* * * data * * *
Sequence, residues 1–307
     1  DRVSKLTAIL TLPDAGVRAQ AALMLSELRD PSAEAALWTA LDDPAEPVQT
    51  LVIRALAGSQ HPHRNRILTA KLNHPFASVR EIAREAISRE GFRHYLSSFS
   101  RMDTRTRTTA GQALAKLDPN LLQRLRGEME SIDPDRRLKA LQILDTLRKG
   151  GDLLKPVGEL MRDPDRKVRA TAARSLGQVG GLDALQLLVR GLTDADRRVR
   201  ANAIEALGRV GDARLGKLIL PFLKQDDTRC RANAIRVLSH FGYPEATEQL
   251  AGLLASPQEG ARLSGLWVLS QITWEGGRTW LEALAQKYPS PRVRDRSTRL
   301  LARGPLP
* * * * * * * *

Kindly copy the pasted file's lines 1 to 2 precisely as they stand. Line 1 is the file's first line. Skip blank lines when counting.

Sequence, residues 1–307
     1  DRVSKLTAIL TLPDAGVRAQ AALMLSELRD PSAEAALWTA LDDPAEPVQT